# Thread: Complex Numbers Question, Involves Trig

1. ## Complex Numbers Question, Involves Trig

Hi, I'm looking for some help with complex numbers. I've attached a question below with the solution.

I understand where the route 41 is coming from but I am getting a different angle.

Part (b) I am also confused by.

Help is much appreciated.

2. ## Re: Complex Numbers Question, Involves Trig

Do you know that sin(a+ b)= sin(a)cos(b)+ cos(a)sin(b)?

5cos(x)- 4 sin(x) cannot be "cos(a+ b)" for any a and b because "5" and "4" cannot be "sin(a)" and "cos(a)" for any a. sin(a) and cos(a) must be between -1 and 1 for all a and $\displaystyle sin^2(a)+ cos^2(a)= 1$. However, I note that $\displaystyle 5^2+ 4^2= 25+ 16= 41$ so that
$\displaystyle 5 cos(x)- 4 sin(x)= \sqrt{41}\left(\frac{5}{\sqrt{41}}cos(x)- \frac{4}{\sqrt{41}}sin(x)\right)$.

Now, what angle, a, has $\displaystyle sin(a)= \frac{5}{\sqrt{41}}$ and $\displaystyle cos(a)= -\frac{4}{\sqrt{41}}$?

3. ## Re: Complex Numbers Question, Involves Trig

For sin(a) I get 51.3 degrees and cos(a) - 38.7/321.3 degrees.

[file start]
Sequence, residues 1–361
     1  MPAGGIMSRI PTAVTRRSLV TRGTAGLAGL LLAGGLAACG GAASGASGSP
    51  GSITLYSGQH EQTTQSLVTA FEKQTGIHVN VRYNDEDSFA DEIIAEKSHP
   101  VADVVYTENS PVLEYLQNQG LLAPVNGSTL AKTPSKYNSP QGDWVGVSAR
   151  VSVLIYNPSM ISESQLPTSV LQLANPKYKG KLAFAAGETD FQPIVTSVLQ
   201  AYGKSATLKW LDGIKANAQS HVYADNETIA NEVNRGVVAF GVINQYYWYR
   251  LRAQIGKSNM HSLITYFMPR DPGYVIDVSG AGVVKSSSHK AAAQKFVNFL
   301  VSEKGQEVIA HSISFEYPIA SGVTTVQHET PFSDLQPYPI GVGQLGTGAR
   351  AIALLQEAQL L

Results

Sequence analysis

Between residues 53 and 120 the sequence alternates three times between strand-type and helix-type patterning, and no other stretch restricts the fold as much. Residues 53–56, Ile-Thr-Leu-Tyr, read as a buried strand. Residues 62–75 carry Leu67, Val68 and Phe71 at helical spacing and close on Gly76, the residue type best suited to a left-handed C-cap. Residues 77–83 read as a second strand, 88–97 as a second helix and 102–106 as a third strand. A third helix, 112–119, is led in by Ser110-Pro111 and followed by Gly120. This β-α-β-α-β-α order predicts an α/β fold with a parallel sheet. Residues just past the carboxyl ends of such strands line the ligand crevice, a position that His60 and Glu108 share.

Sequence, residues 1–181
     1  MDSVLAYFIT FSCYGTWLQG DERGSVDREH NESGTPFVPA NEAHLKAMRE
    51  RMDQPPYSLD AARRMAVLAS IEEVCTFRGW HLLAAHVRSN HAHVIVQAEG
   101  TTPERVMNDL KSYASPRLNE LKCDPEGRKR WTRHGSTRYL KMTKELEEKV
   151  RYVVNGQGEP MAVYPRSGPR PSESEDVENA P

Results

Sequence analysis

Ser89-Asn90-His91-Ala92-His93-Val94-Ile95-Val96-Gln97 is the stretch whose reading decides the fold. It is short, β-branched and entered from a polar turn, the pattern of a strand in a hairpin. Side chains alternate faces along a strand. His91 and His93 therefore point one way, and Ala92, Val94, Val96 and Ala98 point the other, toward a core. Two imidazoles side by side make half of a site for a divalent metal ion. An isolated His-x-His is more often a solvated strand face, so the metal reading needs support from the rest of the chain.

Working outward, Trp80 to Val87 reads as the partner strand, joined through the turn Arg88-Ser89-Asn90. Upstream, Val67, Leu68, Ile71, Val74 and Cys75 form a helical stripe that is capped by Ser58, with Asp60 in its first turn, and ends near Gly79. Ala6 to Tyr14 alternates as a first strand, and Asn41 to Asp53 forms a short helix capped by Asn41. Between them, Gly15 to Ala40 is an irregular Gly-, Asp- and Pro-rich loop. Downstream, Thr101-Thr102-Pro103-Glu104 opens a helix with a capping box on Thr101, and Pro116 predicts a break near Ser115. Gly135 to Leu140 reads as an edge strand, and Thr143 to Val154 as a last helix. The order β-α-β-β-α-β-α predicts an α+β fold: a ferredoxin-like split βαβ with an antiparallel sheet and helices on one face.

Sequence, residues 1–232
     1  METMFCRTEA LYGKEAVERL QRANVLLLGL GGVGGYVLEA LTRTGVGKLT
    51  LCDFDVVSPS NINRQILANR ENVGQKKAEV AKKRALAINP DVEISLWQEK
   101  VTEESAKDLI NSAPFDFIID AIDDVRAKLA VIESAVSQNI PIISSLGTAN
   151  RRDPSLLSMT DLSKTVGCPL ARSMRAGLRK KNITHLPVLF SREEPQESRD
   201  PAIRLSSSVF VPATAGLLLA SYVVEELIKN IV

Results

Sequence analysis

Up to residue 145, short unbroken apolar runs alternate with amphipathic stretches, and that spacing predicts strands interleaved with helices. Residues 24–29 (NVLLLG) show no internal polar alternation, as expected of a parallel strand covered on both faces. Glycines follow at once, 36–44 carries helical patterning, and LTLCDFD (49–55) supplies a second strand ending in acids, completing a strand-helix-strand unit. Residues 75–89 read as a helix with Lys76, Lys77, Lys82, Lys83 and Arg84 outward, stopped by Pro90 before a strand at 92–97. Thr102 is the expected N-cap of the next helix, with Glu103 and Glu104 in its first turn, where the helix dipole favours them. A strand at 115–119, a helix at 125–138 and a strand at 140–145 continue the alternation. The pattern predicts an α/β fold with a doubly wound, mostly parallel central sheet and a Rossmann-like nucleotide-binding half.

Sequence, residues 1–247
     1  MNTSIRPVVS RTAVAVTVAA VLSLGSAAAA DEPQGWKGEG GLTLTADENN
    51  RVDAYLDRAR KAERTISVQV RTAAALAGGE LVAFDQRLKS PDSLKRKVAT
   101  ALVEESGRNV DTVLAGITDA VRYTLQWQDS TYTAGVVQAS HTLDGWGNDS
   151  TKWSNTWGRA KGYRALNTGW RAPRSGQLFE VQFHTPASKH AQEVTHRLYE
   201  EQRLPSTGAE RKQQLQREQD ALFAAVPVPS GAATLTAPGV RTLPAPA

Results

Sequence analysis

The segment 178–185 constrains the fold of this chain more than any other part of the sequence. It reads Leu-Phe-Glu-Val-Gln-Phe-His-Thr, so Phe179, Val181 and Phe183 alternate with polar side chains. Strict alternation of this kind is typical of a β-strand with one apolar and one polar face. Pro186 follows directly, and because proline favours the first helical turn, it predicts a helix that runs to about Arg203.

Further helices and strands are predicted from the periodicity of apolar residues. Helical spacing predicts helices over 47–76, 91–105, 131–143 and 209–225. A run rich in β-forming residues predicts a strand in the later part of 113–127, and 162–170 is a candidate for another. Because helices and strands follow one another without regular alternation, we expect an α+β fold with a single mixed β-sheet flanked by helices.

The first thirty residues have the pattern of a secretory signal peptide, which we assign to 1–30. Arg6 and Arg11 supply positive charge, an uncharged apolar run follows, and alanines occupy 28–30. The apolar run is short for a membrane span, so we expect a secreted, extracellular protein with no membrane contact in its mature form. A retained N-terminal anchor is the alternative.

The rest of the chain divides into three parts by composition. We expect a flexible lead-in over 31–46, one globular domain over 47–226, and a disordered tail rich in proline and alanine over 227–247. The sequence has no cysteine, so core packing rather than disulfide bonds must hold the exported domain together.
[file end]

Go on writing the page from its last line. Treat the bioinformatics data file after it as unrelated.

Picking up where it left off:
How does this relate to the answers given in the solution?

4. ## Re: Complex Numbers Question, Involves Trig

No, this is the same angle a for both. Sine is positive in the first and second quadrants while cosine is negative in the second and third quadrants. In order that sine be positive and cosine negative, the angle must be in the second quadrant- 180- 51.3= 128.7 degrees.
$\displaystyle sin(128.7)= 0.780= \frac{5}{\sqrt{41}}$ and $\displaystyle cos(128.7)= -0.63= -\frac{4}{\sqrt{41}}$

Now, remember the point was that $\displaystyle 5cos(x)- 4sin(x)= \sqrt{41}(sin(a) cos(x)+ cos(a)sin(x))= \sqrt{41}sin(x+ a)$

5. ## Re: Complex Numbers Question, Involves Trig

Right I get that, I remember the quadrants now. So from 128.7 how are the final two x values calculated?

Sorry but it's been a while since I've done this type of calculation.

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# cos 51.3degrees value

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